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  • Chris

    Only if it factored the Council Tax Charge up to the value of the property - that would cause the 750,000 private homes to come back into use.

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  • I'm afraid that because this has been a high profile political figure for a long time now these figures are routinely manipulated by local authorities and are not worth the paper (or electrons) they are printed on.

    Almost all "empty homes brought back into use" are a complete nonsense, as anyone who works in a local authority knows.

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  • Joe Halewood

    Birmingham will receive a bonus of £391,000! Wow for 2,151 properties thats a bonus of £182.78 per property!

    Yes the Tories new homes bonus is £182.78 - bound to be a success then!

    How does £182.78 relate to 6 years worth of council tax?

    Can I get my council to adopt a council tax bill of £30.30 per year please?


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  • Birmingham and Manchester top the table because:
    1 - they are the biggest local authorities in the country - there are more houses within their area
    2 - the total probably includes homes that were previously empty pending refurbishment / redevelopment. Big regeneration projects trump individual empty homes brought back into use.

    Changes in the property market could also have an effect although this is unlikely over the period in question (2010-2011).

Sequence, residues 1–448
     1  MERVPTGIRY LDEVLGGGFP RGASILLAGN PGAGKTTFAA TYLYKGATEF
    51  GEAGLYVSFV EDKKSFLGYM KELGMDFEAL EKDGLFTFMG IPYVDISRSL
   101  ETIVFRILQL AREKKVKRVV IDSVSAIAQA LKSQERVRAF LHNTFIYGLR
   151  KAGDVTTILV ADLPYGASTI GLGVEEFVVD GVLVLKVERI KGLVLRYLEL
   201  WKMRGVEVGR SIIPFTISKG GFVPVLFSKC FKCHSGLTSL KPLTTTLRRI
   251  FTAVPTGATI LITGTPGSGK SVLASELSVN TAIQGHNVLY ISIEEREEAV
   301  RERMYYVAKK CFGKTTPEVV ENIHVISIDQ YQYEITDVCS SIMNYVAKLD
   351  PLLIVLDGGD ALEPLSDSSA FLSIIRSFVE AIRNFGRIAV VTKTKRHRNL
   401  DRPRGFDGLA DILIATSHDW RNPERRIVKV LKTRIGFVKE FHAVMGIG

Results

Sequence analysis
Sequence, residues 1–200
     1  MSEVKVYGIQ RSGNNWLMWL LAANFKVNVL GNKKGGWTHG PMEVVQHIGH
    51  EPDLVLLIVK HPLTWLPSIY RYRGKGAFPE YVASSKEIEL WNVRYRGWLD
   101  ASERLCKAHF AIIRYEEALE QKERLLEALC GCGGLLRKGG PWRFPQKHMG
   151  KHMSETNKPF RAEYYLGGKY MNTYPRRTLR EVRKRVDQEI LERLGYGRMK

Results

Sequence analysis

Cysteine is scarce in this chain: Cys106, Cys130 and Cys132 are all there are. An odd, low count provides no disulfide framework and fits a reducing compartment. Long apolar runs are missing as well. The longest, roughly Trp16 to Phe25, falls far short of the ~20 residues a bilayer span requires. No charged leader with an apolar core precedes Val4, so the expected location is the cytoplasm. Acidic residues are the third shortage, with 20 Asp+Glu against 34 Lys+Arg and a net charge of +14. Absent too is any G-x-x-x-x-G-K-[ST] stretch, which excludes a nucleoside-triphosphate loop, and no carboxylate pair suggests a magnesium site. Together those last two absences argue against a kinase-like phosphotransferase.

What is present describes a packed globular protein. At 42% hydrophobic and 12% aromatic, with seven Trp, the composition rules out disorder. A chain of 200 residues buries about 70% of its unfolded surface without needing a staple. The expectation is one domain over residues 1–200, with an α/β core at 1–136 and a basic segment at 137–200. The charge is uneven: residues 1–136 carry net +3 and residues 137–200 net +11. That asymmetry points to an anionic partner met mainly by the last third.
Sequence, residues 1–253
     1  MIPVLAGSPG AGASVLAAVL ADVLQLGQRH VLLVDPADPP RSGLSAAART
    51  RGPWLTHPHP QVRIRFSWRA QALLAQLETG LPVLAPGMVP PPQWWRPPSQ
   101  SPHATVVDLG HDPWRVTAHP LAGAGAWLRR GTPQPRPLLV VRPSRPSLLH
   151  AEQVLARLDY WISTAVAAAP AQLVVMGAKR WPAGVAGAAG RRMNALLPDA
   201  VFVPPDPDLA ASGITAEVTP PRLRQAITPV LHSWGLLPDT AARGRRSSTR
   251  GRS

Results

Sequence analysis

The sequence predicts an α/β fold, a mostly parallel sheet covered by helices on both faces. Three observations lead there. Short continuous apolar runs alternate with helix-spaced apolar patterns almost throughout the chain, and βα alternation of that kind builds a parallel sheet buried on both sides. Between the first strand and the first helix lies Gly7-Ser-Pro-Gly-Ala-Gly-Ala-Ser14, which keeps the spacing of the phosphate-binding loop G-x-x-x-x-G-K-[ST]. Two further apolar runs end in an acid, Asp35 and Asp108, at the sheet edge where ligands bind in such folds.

The figures are now taken from Council Tax records of properties empty for 6 months or more - regardless of the reason for being empty, or council action to bring them back into use. They also cover all tenures including social housing, so big regeneration projects can skew the figures massively. However in general the figures are much more reliable than they used to be.

    I think the Minister's statement that this proves the worth of the New Homes Bonus is rather sadly mistaken. What savvy councils have been doing is data cleansing their lists of empty properties and improving their record keeping - no bad thing, and can uncover properties that look inhabited but are actually empty, and brings in much needed council tax revenue. However very few councils have used NHB revenue to support empty homes action - we need to keep making the case for this.

    By the way, Birmingham's New Homes Bonus for empty properties in 2012-13 was over £2m - where did Inside Housing get the figure of £319k from??

    All the data's available at:

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  • Anyone else think the headline is misleading. It gives the impression that this something negative about Birmingham, whereas in fact it's something positive.

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  • Kirsten, good post. If only NHB was awarded for well crafted pieces of spin, the author of this particular press release would be a millionaire many times over.

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  • The real question - how many delivery contracts have been issued by the HCA for its national empty homes initiative?